In practice, professional investors will come up with their own metric; if you were an analyst, and you pitched a stock based uncritically on its multiple to some metric management has invented, you could expect a good portfolio manager to make you defend every single adjustment the company made. But it's also quite common to take management's metrics as a starting point, especially for understanding how the cost structure responds to growth, and to make further adjustments from there. And it's generally easier to start by valuing the business and then to adjust for capital structure as the last step. This is good for two reasons. First, it's a good way to separate the somewhat unrelated questions of what the business is worth and of which financial claimants get which piece. And second, it sometimes reveals that the company would be worth a lot more if it took on more debt, or if it replaced some of its existing debt with equity.
Unfortunately, there are two kinds of companies that focus more than anyone else on custom metrics that nobody else uses: the worst companies, and the best. For the worst companies, it's a simple calculation: the GAAP numbers look bad, so any alternative scorecard will look better. For some businesses, adjusted EBITDA just means "this would be a pretty solid business if we didn't have to pay people." But at the other end of the spectrum, companies with a unique model will manage themselves according to metrics that highlight that uniqueness. Salesforce put a great deal of effort early in its life as a public company into explaining to investors why annual recurring revenue didn't mean the same thing as revenue. What started out looking like a vanity metric became an industry standard, in part because it was a metric chosen by a company that set up the playbook for the rest of the industry.
This doesn't mean that the metrics companies share necessarily correspond to how they judge themselves internally, though. Meta doesn't like to give a time spent metric for Facebook, for example, even though this is a very important data point; there's too much competitive intelligence at risk. The metrics these companies release are often close to the ones that matter, or are ways of sharing the outputs of inputs that they judge internally.
Using unconventional metrics is a map and territory problem. The right map depends on the purpose; the most useful map of the continental United States will vary depending on whether you're flying or hiking. Generally accepted accounting principles are also an imperfect map. They will eventually correspond to the cash a company can deliver to investors, but only at the end of that company's life. The growth of intangibles has changed the meaning of operating expenses and capital expenditures—the money Palantir or Servicenow spends on sales and marketing is analogous to the money that US Steel spent on building new steel mills, but it doesn't get the same treatment on paper. And even the nature of capital expenditures has changed; when the WSJ highlighted a rise in accounting adjustments recently ($), one example they chose was cloud companies extending the depreciable life of their hardware. But we should expect it to be harder to predict the useful life of a server than that of machine tools in a factory; computer hardware is more feasible to monitor than other kinds of hardware, and the sample size of nearly-identical equipment is larger, so we should expect there to be efficiency gains in owning it.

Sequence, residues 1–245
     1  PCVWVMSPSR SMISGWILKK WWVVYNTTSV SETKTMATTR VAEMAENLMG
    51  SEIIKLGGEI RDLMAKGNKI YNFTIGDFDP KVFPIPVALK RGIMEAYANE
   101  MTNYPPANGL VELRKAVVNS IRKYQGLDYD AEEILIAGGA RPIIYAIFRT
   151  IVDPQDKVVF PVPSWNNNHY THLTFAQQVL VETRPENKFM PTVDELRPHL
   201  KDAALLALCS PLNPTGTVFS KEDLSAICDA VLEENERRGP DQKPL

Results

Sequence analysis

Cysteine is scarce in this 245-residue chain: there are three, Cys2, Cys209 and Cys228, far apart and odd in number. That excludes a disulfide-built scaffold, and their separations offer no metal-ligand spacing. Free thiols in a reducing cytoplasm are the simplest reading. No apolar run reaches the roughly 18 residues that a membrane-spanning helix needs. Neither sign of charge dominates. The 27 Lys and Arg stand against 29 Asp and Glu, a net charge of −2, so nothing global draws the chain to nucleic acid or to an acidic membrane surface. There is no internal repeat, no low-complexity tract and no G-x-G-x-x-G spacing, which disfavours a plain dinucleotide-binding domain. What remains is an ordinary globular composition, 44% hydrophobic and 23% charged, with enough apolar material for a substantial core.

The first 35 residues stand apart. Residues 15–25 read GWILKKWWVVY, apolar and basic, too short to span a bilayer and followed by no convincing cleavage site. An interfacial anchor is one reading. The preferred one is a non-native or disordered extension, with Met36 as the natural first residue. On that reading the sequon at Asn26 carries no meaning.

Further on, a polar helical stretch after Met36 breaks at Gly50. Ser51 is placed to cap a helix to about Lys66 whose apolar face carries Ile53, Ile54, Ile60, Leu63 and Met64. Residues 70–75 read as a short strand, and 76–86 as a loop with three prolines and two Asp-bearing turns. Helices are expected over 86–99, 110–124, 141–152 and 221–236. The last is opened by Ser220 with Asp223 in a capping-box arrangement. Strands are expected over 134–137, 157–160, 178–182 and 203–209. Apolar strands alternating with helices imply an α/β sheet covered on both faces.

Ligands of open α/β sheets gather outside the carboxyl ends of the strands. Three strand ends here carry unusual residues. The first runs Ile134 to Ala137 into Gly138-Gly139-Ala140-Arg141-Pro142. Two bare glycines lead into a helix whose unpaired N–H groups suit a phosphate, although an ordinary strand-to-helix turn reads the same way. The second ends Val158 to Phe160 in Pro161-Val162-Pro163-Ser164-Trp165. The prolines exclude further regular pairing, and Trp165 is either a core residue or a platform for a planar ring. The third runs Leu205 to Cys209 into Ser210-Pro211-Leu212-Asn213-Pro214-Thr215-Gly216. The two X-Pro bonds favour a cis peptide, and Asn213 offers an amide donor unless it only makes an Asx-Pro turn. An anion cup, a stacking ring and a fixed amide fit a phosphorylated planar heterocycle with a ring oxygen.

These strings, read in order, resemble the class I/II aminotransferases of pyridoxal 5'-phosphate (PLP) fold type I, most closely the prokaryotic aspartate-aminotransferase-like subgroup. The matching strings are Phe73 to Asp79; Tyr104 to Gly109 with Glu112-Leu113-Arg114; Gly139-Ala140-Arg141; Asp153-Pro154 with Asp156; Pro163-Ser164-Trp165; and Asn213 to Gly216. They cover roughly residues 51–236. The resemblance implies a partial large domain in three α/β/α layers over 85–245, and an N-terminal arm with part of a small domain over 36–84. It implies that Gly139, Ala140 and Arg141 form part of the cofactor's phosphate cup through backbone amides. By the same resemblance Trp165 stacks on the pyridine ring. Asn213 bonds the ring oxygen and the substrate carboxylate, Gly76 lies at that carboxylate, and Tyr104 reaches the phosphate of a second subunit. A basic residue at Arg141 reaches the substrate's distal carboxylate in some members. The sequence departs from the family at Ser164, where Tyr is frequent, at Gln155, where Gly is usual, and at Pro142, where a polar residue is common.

When management presents a non-GAAP view of profits, or they point to some new metric that they say matters more than revenue to them, they aren't telling you everything. But they're certainly telling you something.
Disclosure: Long META.
Doing this repeatedly over a long period is one reason, though not the only reason, that John Malone is so rich. ↩︎
Of course, stock-based compensation is its own form of supply. But there isn't a 1:1 relationship between new shares issued as equity compensation and new shares that get dumped on the market. This creates a fun nonlinearity, since employees' propensity to sell their shares as they vest is partly a function of optimism about the company. This creates a self-fulfilling dynamic; higher morale increases productivity and also gets rid of an ongoing supply of shares. If a given company's stock tends to go up, employees hold on to more shares. When they're feeling pessimistic, they sell as soon as they vest. And a great predictor of morale, especially at a business whose compensation is weighted towards equity, is the last six months of market performance. No wonder these stocks can be so volatile; one of the biggest investor constituencies is structurally likely to sell at the low, and when persistent good news restricts the supply of stock. ↩︎
The traditional way to do this is to make lots of jokes about how often "non-recurring items" keep recurring. ↩︎